BACKGROUND AND OBJECTIVES Children with neurologic impairment (NI) are a growing subset of children who frequently use health care. We examined health care use and spending trends across services for children with NI during their first 5 years of life. METHODS This was a retrospective study of 13 947 children with NI in the multistate IBM Medicaid MarketScan Database (2009–2017). We established birth cohorts of children with NI and analyzed claims from birth to 5 years. NI, identified by using International Classification of Diseases, 9th Revision, diagnosis codes, was defined as ≥1 neurologic diagnosis that was associated with functional and/or intellectual impairment. We measured annual health care use and per-member-per-year spending by inpatient, emergency department (ED), and outpatient services. Population trends in use and spending were assessed with logistic and linear regression, respectively. RESULTS During their first versus fifth year, 66.8% vs 5.8% of children with NI used inpatient services, and 67.8% vs 44.4% used ED services. Annual use in both categories decreased over 0–5 years (inpatient odds ratio: 0.35, 95% confidence interval: 0.34 to 0.36; ED odds ratio: 0.78, 95% confidence interval: 0.77 to 0.79). The use of outpatient services (primary care, specialty care, home health) decreased gradually. Per-member-per-year spending on inpatient services remained the largest spending category: $83 352 (90.2% of annual spending) in the first year and $1944 (25.5%) in the fifth year. CONCLUSIONS For children with early-onset NI from 0–5 years, use and spending on inpatient services decreased dramatically; ED and outpatient service use decreased more gradually. These findings may help systems, clinicians, and families optimize care by anticipating and adjusting for shifting use of health care services.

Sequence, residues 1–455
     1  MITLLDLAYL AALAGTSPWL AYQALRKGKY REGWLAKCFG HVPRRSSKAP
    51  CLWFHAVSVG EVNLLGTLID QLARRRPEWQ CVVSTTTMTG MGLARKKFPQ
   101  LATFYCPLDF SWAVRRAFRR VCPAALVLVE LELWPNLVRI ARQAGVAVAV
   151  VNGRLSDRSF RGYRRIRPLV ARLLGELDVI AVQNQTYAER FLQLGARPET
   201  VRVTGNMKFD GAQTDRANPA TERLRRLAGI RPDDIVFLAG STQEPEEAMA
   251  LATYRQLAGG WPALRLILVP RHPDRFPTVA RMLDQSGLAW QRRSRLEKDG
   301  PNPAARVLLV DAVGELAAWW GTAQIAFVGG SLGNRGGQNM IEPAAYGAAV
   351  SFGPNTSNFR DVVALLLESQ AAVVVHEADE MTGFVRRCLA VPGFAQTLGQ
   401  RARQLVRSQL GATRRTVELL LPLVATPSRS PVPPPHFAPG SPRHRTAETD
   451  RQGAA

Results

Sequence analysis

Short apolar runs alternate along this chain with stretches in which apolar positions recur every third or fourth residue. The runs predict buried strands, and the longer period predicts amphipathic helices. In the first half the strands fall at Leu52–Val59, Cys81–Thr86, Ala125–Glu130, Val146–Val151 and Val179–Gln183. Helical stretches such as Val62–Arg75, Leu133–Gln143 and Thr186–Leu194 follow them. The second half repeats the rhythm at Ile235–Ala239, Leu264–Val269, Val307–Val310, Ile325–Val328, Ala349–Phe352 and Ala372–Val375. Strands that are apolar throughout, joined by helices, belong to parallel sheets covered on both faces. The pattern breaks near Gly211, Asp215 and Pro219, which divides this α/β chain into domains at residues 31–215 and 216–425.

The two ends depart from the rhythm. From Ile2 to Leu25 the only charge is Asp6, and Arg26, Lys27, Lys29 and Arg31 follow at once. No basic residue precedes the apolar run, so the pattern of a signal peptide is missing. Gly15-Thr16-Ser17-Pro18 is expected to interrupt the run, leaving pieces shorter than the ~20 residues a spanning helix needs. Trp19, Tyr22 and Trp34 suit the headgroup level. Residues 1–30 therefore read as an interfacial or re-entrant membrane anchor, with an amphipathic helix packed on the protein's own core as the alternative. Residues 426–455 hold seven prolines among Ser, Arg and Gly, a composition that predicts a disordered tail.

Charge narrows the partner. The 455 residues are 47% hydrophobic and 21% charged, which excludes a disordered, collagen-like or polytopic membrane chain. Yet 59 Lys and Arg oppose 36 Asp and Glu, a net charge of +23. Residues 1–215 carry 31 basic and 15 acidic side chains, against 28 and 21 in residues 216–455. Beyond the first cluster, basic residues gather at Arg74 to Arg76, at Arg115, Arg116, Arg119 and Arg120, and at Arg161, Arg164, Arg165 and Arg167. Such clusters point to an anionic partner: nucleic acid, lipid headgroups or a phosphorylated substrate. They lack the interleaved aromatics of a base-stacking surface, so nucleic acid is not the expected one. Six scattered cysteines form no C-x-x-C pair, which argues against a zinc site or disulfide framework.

OBJECTIVES The mental health of parents of children with medical complexity (CMC) is poorly understood, yet it drives child and family health outcomes. For parents of CMC, compared with parents of noncomplex children with special health care needs (CSHCN) and children without special health care needs (non-CSHCN), we examined self-reported mental health, knowledge of community sources for help, and emotional support. METHODS Using parent-reported data from the combined 2016–2017 National Survey of Children’s Health, we divided the population into 3 groups: households with CMC, noncomplex CSHCN, and non-CSHCN. We compared these groups regarding the following: (1) parents’ risks for poor or fair mental health and knowledge of where to go for community help and (2) parent-reported sources of emotional support. RESULTS Of 63 955 588 parent-child dyads (weighted from a sample of 65 204), parents of CMC had greater adjusted odds of reporting poor or fair mental health compared with parents of noncomplex CSHCN (adjusted odds ratio [aOR] 2.0; 95% confidence interval [CI] 1.1–3.8) and non-CSHCN (aOR 4.6; 95% CI 2.5–8.6). Parents of CMC had greater odds of not knowing where to find community help compared with parents of noncomplex CSHCN (aOR 2.1; 95% CI 1.4–3.1) and non-CSHCN (aOR 2.9; 95% CI 2.0–4.3). However, parents of CMC were most likely to report receiving emotional support from health care providers and advocacy groups (P < .001). CONCLUSIONS Among all parents, those with CMC were at the highest risk to report suboptimal mental health. They more often reported that they do not know where to find community help, but they did say that they receive emotional support from health care providers and advocacy groups. Future researchers should identify ways to directly support the emotional wellness of parents of CMC.